Srinagar: Would the central government's assertion that talks to improve the situation in Kashmir can only be held with mainstream political parties -- and not separatists -- have a positive impact in the Valley?
Unlikely, given past experience. And the current political stalemate might unfortunately continue.
In its submission before the Supreme Court on Friday, the Union government ruled out talks with those who challenge the state's accession to India.
The apex court has also disposed off a petition filed by the Kashmir Bar Association that said the Centre was doing little to improve the ground situation in the Valley. The Court asked the association to do its bit by coming up with suggestions that would help improve the situation.
The opposition National Conference (NC) has slammed the decision against engaging the separatists in a dialogue. An NC statement said the announcement was the last nail in the agenda of the alliance of the Peoples Democratic Party (PDP) and the Bharatiya Janata Party (BJP), the allies that rule Jammu and Kashmir.
The agenda of alliance, signed by the PDP and the BJP, had stated that talks would be held with every stakeholder in Kashmir to bring permanent peace to the state.
A high-level security-cum-development review meeting chaired by Union Home Minister Rajnath Singh in New Delhi on April 27 spoke of the Rs 80,000 crore ($12.5 billion) package to the state announced by Prime Minister Narendra Modi. The meeting was informed that Rs 19,000 crore of this had already been released.
Deployment of additional forces, handling of students' protests, tackling militancy and other related aspects of the deteriorating situation in the Valley were also discussed threadbare in the meeting.
Whenever trouble erupts in Kashmir, voices become shriller for dialogue and reconciliation.
During the 2010 unrest, when Omar Abdullah headed the NC-Congress coalition in the state, two Round Table Conferences of all political parties were held at the behest of then Prime Minister Manmohan Singh. Some 120 civilian protesters died in that unrest.
Trouble again erupted last July following the killing of Hizbul commander Burhan Wani in a gunfight with the security forces. It was only the setting in of winter that finally broke the bloody cycle of violence in which 94 civilian protesters lost their lives in clashes with the security forces.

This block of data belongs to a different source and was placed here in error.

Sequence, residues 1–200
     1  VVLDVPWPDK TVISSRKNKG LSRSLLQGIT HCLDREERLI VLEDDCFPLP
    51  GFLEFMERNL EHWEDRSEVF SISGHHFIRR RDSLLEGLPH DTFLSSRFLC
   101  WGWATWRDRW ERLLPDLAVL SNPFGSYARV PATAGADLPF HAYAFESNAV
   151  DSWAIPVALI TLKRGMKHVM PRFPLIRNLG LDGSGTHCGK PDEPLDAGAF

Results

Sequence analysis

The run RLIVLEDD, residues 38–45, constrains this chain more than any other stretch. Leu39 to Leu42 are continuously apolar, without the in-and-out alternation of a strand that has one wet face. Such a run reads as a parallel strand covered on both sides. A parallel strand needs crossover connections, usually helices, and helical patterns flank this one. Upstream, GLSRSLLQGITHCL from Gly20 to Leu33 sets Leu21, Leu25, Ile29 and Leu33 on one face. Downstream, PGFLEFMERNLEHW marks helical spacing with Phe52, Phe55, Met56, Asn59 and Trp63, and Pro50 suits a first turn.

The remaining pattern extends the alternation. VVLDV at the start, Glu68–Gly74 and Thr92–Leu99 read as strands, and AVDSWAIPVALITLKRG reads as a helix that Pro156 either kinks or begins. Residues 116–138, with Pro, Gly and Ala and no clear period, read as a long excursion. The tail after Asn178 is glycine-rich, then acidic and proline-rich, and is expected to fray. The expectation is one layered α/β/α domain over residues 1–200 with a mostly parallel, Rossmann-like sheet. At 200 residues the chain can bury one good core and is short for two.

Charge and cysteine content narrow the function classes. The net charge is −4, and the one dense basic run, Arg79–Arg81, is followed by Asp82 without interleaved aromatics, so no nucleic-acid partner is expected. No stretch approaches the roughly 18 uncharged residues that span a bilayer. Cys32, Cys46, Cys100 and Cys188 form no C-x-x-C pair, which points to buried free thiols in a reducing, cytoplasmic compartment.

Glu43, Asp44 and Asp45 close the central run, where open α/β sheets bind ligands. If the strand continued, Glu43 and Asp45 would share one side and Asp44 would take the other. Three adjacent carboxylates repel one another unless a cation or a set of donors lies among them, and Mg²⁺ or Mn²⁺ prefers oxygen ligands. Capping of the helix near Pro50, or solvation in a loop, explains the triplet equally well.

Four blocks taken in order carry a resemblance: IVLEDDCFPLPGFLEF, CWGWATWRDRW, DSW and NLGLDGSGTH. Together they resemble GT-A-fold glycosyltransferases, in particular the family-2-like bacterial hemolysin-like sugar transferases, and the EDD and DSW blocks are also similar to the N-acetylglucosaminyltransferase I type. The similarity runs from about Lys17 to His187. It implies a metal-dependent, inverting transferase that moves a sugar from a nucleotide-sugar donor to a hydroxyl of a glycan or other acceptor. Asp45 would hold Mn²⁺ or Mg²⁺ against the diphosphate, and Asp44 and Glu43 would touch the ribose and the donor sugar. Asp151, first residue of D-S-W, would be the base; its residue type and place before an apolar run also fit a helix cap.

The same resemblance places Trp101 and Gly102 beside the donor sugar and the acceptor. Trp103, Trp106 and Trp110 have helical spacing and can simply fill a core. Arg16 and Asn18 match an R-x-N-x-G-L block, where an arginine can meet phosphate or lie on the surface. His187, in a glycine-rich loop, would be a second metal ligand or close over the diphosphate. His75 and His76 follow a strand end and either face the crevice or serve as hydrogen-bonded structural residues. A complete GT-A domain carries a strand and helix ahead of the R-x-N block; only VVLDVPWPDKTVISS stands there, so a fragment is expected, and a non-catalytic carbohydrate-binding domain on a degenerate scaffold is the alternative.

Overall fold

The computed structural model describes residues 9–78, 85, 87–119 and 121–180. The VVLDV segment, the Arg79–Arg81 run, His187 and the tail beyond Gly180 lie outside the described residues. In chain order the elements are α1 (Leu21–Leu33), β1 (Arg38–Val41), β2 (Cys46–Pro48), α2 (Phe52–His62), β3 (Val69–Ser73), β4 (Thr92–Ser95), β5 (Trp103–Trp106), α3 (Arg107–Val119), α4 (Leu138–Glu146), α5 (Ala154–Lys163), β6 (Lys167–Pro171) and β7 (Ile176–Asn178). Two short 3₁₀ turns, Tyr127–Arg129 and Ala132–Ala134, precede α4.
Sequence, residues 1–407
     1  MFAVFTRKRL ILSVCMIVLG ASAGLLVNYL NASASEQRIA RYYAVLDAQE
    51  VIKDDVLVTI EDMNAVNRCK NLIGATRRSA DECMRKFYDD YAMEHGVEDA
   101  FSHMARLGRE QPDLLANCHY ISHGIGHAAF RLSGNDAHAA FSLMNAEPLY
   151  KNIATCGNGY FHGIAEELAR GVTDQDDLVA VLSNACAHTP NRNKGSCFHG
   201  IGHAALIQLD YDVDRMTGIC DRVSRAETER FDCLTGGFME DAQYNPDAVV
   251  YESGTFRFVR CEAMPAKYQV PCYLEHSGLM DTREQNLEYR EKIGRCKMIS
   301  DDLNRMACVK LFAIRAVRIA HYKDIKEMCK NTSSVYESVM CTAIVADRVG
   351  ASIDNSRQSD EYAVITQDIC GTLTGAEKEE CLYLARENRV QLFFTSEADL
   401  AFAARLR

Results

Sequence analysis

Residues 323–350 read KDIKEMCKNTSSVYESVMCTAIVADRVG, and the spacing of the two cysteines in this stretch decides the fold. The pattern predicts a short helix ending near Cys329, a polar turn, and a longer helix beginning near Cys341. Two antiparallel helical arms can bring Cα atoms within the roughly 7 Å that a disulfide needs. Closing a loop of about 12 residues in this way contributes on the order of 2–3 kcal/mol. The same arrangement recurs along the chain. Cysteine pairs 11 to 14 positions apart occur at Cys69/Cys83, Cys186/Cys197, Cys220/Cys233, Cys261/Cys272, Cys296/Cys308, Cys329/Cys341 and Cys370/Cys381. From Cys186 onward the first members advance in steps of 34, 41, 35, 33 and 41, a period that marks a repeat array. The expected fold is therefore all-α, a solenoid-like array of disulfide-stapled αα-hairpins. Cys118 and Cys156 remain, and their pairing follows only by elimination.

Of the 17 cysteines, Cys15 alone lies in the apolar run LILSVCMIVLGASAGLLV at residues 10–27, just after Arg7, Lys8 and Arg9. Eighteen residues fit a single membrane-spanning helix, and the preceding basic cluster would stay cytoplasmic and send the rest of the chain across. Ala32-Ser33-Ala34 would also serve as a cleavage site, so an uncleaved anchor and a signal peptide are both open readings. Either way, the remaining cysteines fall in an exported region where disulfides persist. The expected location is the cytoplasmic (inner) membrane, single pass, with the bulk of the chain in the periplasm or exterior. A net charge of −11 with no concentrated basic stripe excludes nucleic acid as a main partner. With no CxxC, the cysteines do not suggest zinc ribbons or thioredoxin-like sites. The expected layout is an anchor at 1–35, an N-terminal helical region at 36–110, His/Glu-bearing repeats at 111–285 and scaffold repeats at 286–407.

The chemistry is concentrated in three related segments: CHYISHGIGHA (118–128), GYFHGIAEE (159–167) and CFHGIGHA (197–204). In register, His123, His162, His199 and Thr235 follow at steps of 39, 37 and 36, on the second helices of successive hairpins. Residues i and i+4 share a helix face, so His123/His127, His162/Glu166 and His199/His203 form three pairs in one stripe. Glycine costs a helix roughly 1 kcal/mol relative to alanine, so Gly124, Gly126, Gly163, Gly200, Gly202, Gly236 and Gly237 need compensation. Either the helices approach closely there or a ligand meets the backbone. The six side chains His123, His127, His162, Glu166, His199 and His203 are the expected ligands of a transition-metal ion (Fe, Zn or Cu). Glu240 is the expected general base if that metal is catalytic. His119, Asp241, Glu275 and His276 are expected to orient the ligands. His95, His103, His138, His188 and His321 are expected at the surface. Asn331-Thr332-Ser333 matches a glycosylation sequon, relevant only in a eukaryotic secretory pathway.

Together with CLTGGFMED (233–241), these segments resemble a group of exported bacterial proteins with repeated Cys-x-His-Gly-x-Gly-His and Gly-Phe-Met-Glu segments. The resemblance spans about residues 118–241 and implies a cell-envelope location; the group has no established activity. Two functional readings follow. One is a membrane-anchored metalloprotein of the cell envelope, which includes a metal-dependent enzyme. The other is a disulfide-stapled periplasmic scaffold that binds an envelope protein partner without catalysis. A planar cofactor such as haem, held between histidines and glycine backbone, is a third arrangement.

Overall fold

That bout of violence also brought senior leaders of all national political parties to the Valley to help find ways to end the face-off.
The moot point is that talks with those accepting the state's accession with India are always welcome, but these have not been beneficial -- beyond a point -- so far.
"The trouble lies on the other side of the political spectrum in Kashmir. The separatists have claimed a huge victory because of the extremely low voter turnout during the (recently-held) parliamentary by-election in Srinagar.
"Violence marred those elections, but it was basically the anger of the people that they stayed away from the voting process," said a senior NC leader who did not want to be named.
PDP insiders argue that an outright rejection of talks with all stakeholders, including the separatists, would further shrink the mainstream political space.
"Talking only to those who do not dispute the accession is a monologue and not a dialogue. How will it address the entire issue, which is not merely a law-and-order issue," a senior PDP leader asked.
Chief Minister Mehbooba Mufti, who met the Prime Minister in Delhi earlier this week, told reporters immediately after that unless talks are also held with the separatists, the situation might never improve in Kashmir.
She even invoked Atal Bihari Vajpayee's doctrine of dialogue within the ambit of "Insaniyat, Jamhooriyat and Kashmiriyat" (Humanity, Democracy, Kashmiri ethos).
Meanwhile, the PDP has requested that the May 25 Parliamentary by-poll in Anantnag be further deferred. The Election Commission has asked the Ministry of Home Affairs (MHA) to provide 74,000 paramilitary forces to ensure the safe conduct of the by-poll.
All these developments have placed Mehbooba Mufti in a highly unenviable position.
"The PDP had emerged as an alternative to the NC in mainstream politics of Jammu and Kashmir. Today, the space for not only the PDP, but for all mainstream parties, has shrunk alarmingly," said another NC leader.
Whither is Kashmir headed today?
Well, the murder of Pulwama PDP district president Abdul Gani Dar by militants, was condoled by the party in the winter capital Jammu and not in the slain leader's village in Pulwama.
Isn't that ominous?